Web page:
The Web page for the anti-Bush film "The Oil Factor: Behind the War on Terror" is offering "pre-election specials" for buyers. The makers of "There's Something about W" will send a free DVD to anyone who hosts a screening in a swing state.

But the sales for the poli-docs have been mom-and-pop, actually, so small that tracking services such as Nielsen Video Scan don't have tallies.

Producer Greenwald has been defying Hollywood logic by begging partisans to make copies of his "Outfoxed: Rupert Murdoch's War on Journalism." His production company estimates that 150,000 DVDs and videos are in circulation.

Grizzly Adams Productions has been selling DVDs of "George W. Bush: Faith in the White House" for $4 a pop -- if bought in bulk. The film's director, David Balsiger, said his "best guess" is that 450,000 copies are "in the marketplace." They are being purchased -- in orders of 100 to 1,000 at a time -- by partisans who are then giving them away to churches in the swing states.

The documentaries haven't had much luck getting aired on broadcast television. The Sinclair Broadcast Group initially planned to show the anti-Kerry "Stolen Honor" on its 62 stations, but backed off and ran excerpts in a more balanced news show on the Vietnam POW issue. On cable, there was a last-minute blast from the left. The Sundance Channel, owned in part by Robert Redford, announced it would screen a trio of Greenwald films and "Bush's Brain" on Monday night. Over at the Independent Film Channel, they scheduled weekend showings of Russell's "Soldiers Pay" and "Fahrenheit 9/11: A Movement in Time," Moore's 30-minute documentary about his documentary. The pro-Bush "Faith in the White House" has been airing on some Christian cable and satellite channels.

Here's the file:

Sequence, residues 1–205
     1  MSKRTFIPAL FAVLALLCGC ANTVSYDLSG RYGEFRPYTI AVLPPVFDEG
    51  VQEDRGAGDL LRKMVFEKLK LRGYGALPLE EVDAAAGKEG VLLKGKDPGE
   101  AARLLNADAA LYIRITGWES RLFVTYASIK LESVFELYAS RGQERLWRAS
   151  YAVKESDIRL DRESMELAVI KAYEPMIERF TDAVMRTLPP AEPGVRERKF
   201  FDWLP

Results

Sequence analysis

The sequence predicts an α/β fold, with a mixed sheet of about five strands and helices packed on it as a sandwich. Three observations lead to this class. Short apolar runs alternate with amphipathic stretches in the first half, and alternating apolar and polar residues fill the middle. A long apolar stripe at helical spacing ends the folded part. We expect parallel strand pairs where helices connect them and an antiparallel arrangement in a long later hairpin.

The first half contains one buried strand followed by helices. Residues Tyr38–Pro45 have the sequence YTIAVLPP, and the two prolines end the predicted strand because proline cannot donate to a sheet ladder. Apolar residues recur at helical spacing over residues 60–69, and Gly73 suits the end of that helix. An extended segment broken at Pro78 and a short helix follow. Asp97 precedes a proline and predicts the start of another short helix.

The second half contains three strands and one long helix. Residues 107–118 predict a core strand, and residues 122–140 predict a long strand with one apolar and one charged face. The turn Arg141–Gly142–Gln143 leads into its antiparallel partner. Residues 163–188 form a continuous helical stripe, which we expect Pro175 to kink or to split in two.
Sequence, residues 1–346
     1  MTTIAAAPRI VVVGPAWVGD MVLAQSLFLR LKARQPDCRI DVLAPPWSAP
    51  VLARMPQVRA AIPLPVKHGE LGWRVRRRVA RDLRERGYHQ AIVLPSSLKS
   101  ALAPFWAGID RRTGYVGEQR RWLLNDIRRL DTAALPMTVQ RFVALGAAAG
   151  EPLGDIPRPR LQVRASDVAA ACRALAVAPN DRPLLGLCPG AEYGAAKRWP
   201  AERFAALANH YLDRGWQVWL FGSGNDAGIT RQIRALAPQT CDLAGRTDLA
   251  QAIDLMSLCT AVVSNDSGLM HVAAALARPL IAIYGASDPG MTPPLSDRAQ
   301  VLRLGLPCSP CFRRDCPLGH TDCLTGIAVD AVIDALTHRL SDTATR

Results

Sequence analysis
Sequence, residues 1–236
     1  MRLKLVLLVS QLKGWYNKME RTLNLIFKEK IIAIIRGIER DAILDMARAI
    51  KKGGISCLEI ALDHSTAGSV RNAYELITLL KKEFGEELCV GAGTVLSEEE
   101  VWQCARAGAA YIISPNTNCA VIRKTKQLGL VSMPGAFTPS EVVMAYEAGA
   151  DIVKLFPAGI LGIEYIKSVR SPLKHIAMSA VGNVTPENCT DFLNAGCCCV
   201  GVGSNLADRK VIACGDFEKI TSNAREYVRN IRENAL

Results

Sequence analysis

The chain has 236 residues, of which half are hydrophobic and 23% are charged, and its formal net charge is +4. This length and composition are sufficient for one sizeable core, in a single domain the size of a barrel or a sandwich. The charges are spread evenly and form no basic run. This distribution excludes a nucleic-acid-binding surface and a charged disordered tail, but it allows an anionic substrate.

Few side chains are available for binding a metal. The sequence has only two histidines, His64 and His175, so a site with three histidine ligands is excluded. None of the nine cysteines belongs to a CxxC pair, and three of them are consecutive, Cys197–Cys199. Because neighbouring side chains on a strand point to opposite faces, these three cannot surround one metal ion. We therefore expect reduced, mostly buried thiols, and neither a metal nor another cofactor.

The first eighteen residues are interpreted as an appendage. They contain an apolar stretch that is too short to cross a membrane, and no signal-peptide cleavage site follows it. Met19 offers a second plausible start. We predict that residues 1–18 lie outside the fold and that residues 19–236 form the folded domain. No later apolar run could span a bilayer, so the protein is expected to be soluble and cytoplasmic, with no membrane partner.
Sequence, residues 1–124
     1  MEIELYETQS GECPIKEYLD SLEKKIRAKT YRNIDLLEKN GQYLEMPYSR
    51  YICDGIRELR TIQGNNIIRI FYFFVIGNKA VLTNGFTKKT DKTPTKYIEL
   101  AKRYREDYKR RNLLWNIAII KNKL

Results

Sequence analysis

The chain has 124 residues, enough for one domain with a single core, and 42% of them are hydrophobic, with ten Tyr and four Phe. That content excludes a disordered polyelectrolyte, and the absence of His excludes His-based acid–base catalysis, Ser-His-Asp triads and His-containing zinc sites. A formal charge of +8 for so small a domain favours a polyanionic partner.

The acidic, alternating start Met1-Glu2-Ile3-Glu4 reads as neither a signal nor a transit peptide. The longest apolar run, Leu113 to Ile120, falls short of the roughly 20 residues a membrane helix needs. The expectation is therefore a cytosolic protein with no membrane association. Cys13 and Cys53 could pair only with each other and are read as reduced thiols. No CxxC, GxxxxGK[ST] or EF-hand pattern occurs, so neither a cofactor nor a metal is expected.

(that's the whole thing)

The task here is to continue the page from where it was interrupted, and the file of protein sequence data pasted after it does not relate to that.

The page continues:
Political operatives and Hollywood execs say partisan flicks draw partisan audiences -- they are "reinforcement films," as political science professor Art English of the University of Arkansas dubbed them.

Think: film as bumper sticker.

Normally, the movie marketplace tends to enforce its brutal realities. But Greenwald's films have been paid for by the ACLU ("Unconstitutional: The War on Our Civil Liberties") and MoveOn ("Outfoxed"). Carlton Sherwood's "Stolen Honor: Wounds That Never Heal," which describes itself as "a documentary exposing John Kerry's record of betrayal," received its initial funding from "Pennsylvania veterans." Roger Aronoff's "Confronting Iraq" was paid for by his organization, the right-leaning Accuracy in Media. The pro-Bush homage "Celsius 41.11" was funded by Citizens United, a conservative Washington-based advocacy group.

Think: 90-minute attack ads.

Errol Morris, the Academy Award-winning director of "The Fog of War," about former defense secretary Robert McNamara, says the sudden appearance of all these films "has less to do with documentary filmmaking than how polarized the country is. We all feel it. This enormous anger."